our everyday life

Making Discipline Work with Teen Boys

by Kathy Gleason, studioD

The teenage years can be hard on parents and kids alike. Raising a teenage boy may have challenges you never even considered when your child was a baby or toddler. Some parents are shocked to find that their sweet, open-minded boy has become a surly teenager who doesn't follow rules and doesn't seem to listen to anything his parents have to say. However, there are ways to implement discipline with your teenage boy and increase the harmony in your home.

Set Reasonable Rules

Think long and hard about the rules you want your teenage son to follow. Decide which rules are most important to you and make these a priority. For instance, being home by 10 p.m., no food in his bedroom, unloading the dishwasher on weeknights and handing all homework assignments in on time might be a reasonable list of rules for a younger teen. Pick your battles: do you really want to enforce and fight about a rule you've made that your teen can't wear his ratty old sneakers to school?

Be Clear

After you've made your list of rules for your son, sit down with him to discuss them. Explain what the rules are and what the consequences are for breaking them. Then post the list of rules in a conspicuous spot, like on your fridge or in your teen's bedroom. Make sure that he knows the rules and understands them, so that there won't be any confusion later about what's expected of him and what potential consequences he faces.

Remain Consistent

The rules have to be the same from day to day as much as possible. This means that if one day you let your son slide on taking out the garbage or clearing his own dishes from the table, it will be much harder to make him do it the next day. Consistency is key.

Follow Through on Punishments

Sometimes it's hard if you're juggling your job and caring for the rest of your family to have enough energy to keep track of what your teen is doing and discipline him when necessary. However, it's extremely important to follow through on what you say you're going to do. For example, if you've told your teen that if he breaks curfew, he will be grounded the next weekend, he really needs to be grounded the next weekend, no matter what the family's plans. Even if you're tired of hearing loud music thumping through your house or if he's unpleasantly muttering under his breath or stomping around the house, hold your ground. If you don't follow through on punishments, your son will learn that following the rules isn't important and that you aren't to be taken seriously.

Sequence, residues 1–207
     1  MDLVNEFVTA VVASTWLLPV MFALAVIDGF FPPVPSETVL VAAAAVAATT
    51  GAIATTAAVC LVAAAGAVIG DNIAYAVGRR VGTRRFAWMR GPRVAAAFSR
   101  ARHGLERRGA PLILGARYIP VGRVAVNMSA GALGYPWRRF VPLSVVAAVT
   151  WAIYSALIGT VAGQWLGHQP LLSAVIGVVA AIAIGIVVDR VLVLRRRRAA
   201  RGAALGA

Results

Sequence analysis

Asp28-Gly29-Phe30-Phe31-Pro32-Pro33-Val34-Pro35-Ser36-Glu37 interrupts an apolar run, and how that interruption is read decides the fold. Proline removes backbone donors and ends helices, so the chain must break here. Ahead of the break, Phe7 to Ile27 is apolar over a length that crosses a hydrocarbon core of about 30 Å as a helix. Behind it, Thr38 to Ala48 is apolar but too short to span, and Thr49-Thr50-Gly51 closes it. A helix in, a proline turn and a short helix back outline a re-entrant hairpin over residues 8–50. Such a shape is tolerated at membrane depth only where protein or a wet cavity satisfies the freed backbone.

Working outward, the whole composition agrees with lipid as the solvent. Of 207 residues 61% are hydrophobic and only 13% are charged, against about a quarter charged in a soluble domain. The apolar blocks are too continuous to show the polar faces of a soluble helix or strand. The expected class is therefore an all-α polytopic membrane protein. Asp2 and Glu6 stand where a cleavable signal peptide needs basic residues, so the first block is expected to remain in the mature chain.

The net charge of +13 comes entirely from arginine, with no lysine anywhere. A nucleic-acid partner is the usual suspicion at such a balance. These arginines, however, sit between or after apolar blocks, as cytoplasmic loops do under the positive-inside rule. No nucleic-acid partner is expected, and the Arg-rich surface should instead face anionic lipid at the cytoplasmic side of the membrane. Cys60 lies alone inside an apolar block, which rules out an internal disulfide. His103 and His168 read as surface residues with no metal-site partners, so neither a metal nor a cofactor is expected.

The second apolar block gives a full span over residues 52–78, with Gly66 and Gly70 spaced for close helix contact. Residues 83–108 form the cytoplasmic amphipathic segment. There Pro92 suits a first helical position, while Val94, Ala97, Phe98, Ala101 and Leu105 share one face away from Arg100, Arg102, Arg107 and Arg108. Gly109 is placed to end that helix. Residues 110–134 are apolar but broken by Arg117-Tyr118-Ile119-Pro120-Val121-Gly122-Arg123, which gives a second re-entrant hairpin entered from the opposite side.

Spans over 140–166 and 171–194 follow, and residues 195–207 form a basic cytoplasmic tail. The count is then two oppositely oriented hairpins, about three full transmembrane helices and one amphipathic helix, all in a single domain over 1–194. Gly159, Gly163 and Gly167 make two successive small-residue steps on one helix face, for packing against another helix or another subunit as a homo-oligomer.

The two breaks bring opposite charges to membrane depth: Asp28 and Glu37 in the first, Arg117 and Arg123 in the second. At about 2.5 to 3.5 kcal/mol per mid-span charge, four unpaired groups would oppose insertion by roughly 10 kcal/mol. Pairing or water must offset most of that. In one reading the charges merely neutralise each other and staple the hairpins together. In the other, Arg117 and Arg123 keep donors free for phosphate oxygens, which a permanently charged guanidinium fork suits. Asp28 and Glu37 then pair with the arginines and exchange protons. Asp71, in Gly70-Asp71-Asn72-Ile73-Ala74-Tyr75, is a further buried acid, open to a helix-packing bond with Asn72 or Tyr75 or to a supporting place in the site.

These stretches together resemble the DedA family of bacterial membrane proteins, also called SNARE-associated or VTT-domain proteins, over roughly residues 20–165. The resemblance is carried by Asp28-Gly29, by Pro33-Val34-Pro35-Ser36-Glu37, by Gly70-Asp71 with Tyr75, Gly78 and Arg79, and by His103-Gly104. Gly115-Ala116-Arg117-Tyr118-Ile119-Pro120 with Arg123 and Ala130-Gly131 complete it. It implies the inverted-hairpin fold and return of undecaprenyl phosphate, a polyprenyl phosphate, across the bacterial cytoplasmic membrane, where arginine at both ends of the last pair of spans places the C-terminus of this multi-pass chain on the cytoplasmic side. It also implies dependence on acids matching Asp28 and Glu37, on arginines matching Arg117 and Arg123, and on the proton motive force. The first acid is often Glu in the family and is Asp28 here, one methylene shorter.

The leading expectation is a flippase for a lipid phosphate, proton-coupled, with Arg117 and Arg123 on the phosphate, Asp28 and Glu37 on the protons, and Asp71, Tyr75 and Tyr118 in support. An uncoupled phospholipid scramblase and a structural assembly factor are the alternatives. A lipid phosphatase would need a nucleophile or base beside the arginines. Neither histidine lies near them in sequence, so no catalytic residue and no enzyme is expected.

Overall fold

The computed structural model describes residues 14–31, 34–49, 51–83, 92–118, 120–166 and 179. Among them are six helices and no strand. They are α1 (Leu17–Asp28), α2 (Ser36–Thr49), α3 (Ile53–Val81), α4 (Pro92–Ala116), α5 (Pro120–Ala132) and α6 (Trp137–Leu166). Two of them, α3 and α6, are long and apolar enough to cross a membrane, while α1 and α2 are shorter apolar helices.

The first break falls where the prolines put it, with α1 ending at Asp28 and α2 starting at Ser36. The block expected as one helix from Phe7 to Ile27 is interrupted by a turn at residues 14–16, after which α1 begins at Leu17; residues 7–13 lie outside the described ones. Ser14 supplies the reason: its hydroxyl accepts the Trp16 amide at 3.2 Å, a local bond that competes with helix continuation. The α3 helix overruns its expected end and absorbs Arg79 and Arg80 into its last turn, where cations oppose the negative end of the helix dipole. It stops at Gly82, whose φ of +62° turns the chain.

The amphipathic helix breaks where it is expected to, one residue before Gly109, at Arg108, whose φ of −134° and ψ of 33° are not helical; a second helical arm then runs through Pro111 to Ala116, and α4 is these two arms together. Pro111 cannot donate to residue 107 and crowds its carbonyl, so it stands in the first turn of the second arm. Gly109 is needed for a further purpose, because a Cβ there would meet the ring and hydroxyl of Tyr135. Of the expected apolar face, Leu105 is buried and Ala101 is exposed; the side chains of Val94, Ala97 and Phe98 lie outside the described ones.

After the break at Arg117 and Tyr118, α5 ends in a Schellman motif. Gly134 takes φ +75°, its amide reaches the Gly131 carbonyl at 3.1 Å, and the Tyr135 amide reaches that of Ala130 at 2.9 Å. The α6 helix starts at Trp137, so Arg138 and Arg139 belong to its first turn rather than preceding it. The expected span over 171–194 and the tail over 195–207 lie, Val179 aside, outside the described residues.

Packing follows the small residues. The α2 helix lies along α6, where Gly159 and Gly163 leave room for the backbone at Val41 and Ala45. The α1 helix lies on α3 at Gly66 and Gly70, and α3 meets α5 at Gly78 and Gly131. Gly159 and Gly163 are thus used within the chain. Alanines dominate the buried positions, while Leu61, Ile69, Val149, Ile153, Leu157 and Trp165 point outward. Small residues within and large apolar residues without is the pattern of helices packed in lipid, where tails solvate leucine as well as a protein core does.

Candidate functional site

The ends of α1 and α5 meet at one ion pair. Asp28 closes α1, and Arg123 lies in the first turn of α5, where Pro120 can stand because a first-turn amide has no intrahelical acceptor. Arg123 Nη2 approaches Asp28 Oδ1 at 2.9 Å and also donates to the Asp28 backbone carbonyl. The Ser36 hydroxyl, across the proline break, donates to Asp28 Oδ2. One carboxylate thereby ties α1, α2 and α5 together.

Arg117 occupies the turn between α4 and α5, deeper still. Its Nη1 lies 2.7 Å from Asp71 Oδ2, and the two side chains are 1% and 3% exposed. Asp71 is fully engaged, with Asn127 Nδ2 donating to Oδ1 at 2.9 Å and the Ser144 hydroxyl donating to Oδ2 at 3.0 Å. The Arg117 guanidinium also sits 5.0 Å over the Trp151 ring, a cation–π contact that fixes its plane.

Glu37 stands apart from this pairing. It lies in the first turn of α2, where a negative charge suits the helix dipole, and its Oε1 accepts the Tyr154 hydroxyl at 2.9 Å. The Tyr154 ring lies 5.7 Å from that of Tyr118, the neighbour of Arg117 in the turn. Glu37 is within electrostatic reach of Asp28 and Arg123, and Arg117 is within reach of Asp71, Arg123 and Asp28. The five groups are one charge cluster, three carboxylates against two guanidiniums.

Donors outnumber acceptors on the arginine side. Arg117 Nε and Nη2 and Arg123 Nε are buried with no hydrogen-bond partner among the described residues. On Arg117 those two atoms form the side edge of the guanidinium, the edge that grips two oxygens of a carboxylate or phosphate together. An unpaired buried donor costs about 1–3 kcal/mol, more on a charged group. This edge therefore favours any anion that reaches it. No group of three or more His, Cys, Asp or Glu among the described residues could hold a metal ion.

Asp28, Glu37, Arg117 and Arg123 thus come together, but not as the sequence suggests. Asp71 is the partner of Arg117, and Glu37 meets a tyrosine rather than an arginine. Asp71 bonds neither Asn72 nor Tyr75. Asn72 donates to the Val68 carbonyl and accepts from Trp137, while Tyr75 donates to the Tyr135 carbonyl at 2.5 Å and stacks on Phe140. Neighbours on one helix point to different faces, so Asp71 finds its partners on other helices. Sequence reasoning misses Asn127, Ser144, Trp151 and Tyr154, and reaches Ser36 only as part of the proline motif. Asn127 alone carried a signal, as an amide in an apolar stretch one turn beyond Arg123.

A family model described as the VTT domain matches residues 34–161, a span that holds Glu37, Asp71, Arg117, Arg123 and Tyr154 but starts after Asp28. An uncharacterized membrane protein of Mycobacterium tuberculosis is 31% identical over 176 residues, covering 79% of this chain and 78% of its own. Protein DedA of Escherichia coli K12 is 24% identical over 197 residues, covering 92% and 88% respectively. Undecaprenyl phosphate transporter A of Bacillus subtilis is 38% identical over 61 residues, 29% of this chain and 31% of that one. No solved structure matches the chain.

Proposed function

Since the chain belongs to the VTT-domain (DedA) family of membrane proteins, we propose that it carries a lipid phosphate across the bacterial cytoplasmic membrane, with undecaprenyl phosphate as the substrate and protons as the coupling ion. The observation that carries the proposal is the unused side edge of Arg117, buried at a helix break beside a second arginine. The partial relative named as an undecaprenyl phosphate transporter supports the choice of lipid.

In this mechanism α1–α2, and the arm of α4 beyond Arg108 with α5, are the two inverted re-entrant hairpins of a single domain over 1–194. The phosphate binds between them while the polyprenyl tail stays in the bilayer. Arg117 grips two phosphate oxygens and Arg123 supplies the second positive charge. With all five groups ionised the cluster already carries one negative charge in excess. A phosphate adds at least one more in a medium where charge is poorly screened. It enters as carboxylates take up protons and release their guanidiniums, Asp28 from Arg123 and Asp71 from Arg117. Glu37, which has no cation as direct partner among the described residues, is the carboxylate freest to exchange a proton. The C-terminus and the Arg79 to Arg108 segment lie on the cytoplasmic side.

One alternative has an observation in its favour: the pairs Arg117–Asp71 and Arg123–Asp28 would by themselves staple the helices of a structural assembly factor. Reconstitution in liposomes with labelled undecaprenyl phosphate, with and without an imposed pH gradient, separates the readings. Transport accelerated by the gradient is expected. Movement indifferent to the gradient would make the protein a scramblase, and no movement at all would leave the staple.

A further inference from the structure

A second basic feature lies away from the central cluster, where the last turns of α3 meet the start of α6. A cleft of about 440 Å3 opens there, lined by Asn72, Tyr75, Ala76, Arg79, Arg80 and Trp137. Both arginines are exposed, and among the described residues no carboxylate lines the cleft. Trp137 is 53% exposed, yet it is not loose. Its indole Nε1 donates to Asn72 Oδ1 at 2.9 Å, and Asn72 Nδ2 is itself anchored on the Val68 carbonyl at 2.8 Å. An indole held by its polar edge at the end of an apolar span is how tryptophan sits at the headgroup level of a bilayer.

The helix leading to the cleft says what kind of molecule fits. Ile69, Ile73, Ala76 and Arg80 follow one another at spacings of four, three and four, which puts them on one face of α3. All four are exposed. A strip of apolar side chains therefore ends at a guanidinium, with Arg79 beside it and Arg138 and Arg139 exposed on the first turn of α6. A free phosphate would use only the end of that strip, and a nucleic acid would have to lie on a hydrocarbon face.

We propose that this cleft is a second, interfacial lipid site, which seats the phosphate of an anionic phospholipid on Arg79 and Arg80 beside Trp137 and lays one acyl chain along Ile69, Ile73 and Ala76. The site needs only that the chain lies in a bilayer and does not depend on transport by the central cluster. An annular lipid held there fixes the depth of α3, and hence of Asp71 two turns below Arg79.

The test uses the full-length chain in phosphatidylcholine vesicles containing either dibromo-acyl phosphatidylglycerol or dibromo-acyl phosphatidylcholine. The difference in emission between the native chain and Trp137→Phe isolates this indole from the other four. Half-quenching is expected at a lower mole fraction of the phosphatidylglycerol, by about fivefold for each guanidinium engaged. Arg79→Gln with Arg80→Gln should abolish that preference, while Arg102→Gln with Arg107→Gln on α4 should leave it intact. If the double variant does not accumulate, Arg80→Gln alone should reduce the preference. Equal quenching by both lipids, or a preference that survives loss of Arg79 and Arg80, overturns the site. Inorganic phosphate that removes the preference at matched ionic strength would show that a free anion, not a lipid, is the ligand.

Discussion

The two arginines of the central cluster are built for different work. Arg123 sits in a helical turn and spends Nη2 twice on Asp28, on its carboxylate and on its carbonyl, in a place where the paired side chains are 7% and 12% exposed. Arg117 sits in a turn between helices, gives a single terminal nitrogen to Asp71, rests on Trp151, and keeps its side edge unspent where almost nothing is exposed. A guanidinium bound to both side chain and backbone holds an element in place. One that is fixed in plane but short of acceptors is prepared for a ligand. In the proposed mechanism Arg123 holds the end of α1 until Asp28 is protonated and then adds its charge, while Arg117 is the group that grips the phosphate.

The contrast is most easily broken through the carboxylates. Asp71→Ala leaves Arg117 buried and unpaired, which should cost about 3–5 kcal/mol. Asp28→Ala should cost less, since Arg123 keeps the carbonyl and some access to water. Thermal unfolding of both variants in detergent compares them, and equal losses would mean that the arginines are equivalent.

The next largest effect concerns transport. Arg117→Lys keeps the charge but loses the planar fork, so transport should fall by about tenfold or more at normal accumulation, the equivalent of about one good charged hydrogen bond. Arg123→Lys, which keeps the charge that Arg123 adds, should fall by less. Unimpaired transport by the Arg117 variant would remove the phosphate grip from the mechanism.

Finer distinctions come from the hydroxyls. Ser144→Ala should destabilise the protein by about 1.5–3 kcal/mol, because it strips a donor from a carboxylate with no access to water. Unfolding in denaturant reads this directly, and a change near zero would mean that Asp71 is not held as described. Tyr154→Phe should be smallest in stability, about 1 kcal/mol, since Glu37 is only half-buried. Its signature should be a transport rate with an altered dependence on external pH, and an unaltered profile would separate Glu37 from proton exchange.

The Difficulties of Raising Boys

In many ways, raising a teenage girl or boy is similar. However, there are a few statistics concerning teen boys that parents should be aware of. According to PBS.org, teenage boys are 30 percent more likely to drop out of school than their female counterparts, and boys are less likely to earn a college degree. If you're concerned about your son finishing his education, consider making that the focus of your discipline. Keep in contact with his school to ensure that he is doing what's expected of him, and praise and reward good grades and extra effort on school assignments.

About the Author

Kathy Gleason is a freelance writer living in rural northern New Jersey who has been writing professionally since 2010. She is a graduate of The Institute for Therapeutic Massage in Pompton Lakes, N.J. Before leaving her massage therapy career to start a family, Gleason specialized in Swedish style, pregnancy and sports massage.

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